Sites of Encounter in World History Resources

Encounters
Mostafa Meraji / Pixabay, cropped

Read more: New workshop series encourages K-12 teachers to explore historical sites around the world

California History-Social Science Framework for K-12 Public Education

 

 Gupta Empire and Srivijaya Kingdom, 300-1200 (June 2019) 

 

HSS Framework 7th Grade 
Chapter 11 - World History and Geography: Medieval and Early Modern Times

Primary Sources

Yijing’s Descriptions of Srivijaya (c. 671 to 695 CE)

The Talang Tuwo Inscription from Palembang, South Sumatra (684 CE)

Compiled by Professor Lance Nolde, CSU Channel Islands

Recommended Readings

Hall, Kenneth R. A History of Early Southeast Asia: Maritime Trade and Societal Development, 100-1500. New York: Rowman & Littlefield, 2011. (Chapter 4).

Lockard, Craig A. Southeast Asia in World History. New York: Oxford University Press, 2009. (Chapters 2 & 3).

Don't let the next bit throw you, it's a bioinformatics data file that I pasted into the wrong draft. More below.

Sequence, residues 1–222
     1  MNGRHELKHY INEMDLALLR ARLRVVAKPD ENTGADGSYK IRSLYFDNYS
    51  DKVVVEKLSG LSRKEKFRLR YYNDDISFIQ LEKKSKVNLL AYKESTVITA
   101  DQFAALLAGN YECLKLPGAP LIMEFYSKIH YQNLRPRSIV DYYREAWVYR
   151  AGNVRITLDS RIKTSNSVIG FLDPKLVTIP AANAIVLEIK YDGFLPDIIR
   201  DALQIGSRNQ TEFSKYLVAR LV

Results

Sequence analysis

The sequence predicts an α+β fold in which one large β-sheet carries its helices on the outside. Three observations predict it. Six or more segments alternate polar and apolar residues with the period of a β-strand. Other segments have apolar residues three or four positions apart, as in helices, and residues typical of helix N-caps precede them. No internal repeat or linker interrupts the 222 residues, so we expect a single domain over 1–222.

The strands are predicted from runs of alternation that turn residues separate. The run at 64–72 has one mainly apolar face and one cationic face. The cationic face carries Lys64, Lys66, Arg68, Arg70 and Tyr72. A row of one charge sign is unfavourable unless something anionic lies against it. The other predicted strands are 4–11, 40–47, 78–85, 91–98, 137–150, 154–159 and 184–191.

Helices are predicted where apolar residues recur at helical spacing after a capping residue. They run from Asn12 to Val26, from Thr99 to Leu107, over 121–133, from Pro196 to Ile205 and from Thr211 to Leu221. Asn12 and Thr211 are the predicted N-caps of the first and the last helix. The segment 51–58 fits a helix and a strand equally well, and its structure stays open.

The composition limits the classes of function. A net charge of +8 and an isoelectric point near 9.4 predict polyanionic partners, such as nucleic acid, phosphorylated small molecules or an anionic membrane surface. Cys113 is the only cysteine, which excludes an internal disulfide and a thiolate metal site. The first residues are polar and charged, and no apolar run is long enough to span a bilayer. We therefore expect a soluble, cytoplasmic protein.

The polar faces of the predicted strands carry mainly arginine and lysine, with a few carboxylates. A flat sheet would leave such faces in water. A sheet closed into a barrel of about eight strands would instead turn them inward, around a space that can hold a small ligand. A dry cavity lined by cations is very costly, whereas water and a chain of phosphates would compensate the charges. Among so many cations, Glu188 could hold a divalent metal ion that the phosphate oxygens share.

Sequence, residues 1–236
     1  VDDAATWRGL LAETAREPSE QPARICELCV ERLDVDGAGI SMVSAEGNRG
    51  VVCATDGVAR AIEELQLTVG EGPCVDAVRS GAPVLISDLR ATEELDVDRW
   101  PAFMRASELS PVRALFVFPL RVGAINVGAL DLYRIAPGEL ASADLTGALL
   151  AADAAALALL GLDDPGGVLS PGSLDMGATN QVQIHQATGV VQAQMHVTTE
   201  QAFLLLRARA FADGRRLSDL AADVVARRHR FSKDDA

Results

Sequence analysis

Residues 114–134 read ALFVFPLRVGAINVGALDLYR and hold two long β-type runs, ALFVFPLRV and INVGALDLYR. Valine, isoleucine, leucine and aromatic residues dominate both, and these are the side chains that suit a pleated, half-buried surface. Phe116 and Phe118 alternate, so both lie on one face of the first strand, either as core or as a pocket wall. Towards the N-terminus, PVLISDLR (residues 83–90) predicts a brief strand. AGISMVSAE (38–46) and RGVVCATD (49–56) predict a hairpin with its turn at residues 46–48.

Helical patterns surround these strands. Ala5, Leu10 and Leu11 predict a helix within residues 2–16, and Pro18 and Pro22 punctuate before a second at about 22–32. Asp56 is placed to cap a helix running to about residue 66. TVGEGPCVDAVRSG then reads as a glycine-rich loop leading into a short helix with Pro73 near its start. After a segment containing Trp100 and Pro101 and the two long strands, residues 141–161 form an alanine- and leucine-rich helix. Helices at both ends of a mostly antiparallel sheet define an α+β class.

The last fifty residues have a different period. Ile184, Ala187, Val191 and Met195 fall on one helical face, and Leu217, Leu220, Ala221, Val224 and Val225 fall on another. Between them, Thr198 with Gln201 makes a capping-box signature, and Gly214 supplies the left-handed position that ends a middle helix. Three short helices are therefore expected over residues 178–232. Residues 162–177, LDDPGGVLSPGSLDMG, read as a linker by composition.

Other Curriculum Materials

Audio & Lesson Guides: Intersections: World Arts and Local Lives at the UCLA Fowler Museum

Curriculum Unit: Art in Action: Textiles of Southeast Asia

Videos: Weavers' Stories from Island Southeast Asia

Lecture Recordings: Art of the Austronesians: The Legacy of Indo-Pacific Voyaging


 Baghdad and Nishapur, 300-1200 (June 2020) 

 

Recommended Readings

 

Other Curriculum Materials

 

 

 

 

 

 



About the Workshop Series

This workshop series aims to provide area studies content and pedagogy training to K-12 public school educators that aligns with the CA History-Social Science Framework. The workshop series gives teachers an opportunity to hear lectures from scholars, gain exposure to new curricular materials, and practice pedagogical skills for designing new lessons units to expand the study of world regions and civilizations in their classrooms.

The workshop series is funded by Title VI grant under the U.S. Department of Education and is a collaborative project between UCLA Center for Southeast Asian Studies, UCLA Center for Near Eastern Studies, and UCLA History-Geography Project, under the UCLA Graduate School of Education & Information Studies.